Gladstone Sellers MD, an Internist in Atlanta, Georgia, has been running a concierge practice since 2008. Prior to his current practice model, Dr. Sellers built a practice from the ground up. Noticing that more intrusion from third parties was forcing patient visits to get shorter and shorter, he wanted to spend more time with his patients to ensure the best care possible.
After a transition that took about 18 months, the concierge model was up and running. Dr. Sellers says that there are several ways to build a concierge practice, and he describes the mechanics behind the path that he and his partners took. First they looked at their patients who they had seen over the 18 months prior to starting the concierge model. They decided how many patients they could allow into their concierge practice based on the amount of time they estimated spending with each patient per year. With at least one annual physical examination per patient per year and a calculation that included the number of yearly office visits expected per year by patient age, they came up with an upper limit of patients they could enroll into the practice. Then, they sent their patients a letter describing the new practice model, and explaining what the reasoning behind it was, inviting patients to sign up. After information sessions and a FAQ page for patients, patients began signing up for the concierge practice. The group communicated with their patients' health insurance companies, and they were able to build an agreement with all but one health company. About 9 months of the transition were nerve-wracking, with the doctors wondering if it would work, but realizing that they did not want to go on practicing with the more prevalent care model that they found inconsistent with how they wanted to take care of their patients.
The system works like this: patients pay an annual fee, which includes access to their doctors. Dr. Sellers says that he gives his patients his phone number and email address. This allows him to determine whether a patient question or problem is best handled through an in office visit (with a billing code that is paid for by the patient’s insurance) or through a phone call, email or text (which do not have a billing code.) There is no incentive to bring patients in unnecessarily in this patient-centered practice. The most common question he gets from other doctors is, “how can you give patients your phone number?” His answer is simple. He says that using the typical healthcare model, patients treat their doctors offices like a rental car, without thought for taking care of it for the long-term. Yet, when patients use the concierge model, they treat the doctor’s office like their own care, taking good care of it. The practice grows through personal patients referrals, and that, he says, is his ideal way of meeting new patients, because they know exactly what they are signing up for.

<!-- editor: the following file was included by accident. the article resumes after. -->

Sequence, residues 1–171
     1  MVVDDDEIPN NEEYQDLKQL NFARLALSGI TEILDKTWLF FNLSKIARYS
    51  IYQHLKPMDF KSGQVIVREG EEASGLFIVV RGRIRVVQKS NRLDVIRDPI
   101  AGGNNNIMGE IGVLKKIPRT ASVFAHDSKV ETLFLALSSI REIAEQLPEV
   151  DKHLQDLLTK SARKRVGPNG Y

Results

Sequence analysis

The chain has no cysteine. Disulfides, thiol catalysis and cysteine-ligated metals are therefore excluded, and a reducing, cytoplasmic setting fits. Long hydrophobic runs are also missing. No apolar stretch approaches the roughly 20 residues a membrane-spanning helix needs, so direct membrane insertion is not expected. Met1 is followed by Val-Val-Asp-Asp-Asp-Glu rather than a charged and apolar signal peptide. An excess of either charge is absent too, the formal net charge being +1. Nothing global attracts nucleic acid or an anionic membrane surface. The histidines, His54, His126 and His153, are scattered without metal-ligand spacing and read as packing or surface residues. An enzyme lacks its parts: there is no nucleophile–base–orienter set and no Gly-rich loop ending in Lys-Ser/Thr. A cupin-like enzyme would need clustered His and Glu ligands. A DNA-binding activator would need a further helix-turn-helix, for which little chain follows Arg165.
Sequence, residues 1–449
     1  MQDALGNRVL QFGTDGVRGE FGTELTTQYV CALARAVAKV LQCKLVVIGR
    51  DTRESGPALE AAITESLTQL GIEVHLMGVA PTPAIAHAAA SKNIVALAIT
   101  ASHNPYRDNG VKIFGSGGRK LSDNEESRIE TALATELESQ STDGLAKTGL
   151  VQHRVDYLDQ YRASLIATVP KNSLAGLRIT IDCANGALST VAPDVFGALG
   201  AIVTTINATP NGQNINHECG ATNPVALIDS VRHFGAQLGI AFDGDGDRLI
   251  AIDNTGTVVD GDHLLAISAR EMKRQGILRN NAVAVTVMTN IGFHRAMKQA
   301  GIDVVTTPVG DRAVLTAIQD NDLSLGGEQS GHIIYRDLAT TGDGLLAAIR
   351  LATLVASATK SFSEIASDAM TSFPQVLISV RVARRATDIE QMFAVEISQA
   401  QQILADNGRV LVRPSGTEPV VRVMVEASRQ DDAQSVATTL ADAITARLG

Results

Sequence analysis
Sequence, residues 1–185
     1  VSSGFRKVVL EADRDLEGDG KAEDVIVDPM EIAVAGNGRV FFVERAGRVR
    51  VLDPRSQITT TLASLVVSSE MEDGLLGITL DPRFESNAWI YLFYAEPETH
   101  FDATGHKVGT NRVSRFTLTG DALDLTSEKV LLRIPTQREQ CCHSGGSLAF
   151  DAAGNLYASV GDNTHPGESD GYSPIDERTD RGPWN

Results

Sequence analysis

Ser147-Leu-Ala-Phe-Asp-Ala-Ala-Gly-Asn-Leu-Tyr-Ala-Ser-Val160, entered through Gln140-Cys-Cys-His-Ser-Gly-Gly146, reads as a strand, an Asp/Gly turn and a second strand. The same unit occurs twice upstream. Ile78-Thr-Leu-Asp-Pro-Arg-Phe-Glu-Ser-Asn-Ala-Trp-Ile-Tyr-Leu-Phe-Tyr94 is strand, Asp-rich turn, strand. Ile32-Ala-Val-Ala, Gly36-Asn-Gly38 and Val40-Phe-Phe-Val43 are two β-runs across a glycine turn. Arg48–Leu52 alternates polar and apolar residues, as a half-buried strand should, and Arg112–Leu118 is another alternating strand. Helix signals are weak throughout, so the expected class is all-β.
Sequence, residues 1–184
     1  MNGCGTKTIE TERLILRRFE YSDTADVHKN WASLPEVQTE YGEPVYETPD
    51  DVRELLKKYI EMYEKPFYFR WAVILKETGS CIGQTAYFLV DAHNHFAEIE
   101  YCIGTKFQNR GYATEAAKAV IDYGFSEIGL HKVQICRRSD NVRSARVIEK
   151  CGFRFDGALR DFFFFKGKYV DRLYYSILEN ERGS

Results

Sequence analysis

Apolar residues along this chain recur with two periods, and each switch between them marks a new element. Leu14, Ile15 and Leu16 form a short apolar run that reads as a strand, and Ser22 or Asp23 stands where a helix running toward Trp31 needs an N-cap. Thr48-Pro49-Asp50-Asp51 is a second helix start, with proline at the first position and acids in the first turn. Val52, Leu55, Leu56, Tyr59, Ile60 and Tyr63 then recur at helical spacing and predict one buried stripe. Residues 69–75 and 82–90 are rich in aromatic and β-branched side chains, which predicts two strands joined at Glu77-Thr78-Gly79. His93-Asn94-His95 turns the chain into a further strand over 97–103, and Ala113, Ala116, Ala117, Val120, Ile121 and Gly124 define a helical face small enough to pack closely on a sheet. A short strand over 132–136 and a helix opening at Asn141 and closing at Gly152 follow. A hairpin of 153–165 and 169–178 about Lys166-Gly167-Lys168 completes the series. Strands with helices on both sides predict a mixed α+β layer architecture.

Dr. Sellers and his partners tell their staff to treat patients, “like the family you like.” He explains that the office staff doesn’t just send patients with a referral for a lab test or a consultation, but, instead, help patients make appointments and follow through with continuity of care to ensure that the details are well taken care of.
Concierge care was still relatively new when a large national boutique medical care company, MDVIP, approached Dr. Sellers and his physician partners with a proposal to help them transition to a concierge practice model around 2004. The agreement would have entailed that the group of physicians would be employed by MDVIP for a period of 5 years, during which MDVIP would collect 1/3 of the gross collections. The time was not right for the group, but a few years later, they hired a consulting group from Chicago to help them with the transition into concierge care, with Dr. Sellers and his partners maintaining primary control of the process and paying the consultants a fee. The transition took about 18 months, after which Dr. Sellers and his partners decided to retain the Chicago company, SpecialDocs Consultants, Inc as consultants. He says that they found the consulting group through a recommendation from another physician practice. But now Dr. Sellers explains that there are many models of transitioning into concierge care and a number of consultants on the market. While Dr. Sellers explains that it is not impossible for physicians to make the transition to concierge care independently, he does recommend hiring a professional with experience in the process. The reason, he explains, is that physicians moving into concierge care need to know how to do it and to have a plan all set out, including marketing, the financial calculations, printed materials for patients, and an understanding of how to inform patients’ insurance plans and how to continue to work with those plans. He says that concierge care may not be right for every practice. For example, he explains that if most of the patients in your practice do not place strong value on seeing the same doctor over the long haul, then concierge care would not be a good fit for the practice.
After years in the concierge practice that he built, Dr. Sellers is sure he did the right thing. He believes that concierge practices maintain value after retirement, as physicians who are starting out are likely to want to buy into successful concierge practices because it is a good health care model that maintains doctor and patient satisfaction while providing good care.
Physician Success Stories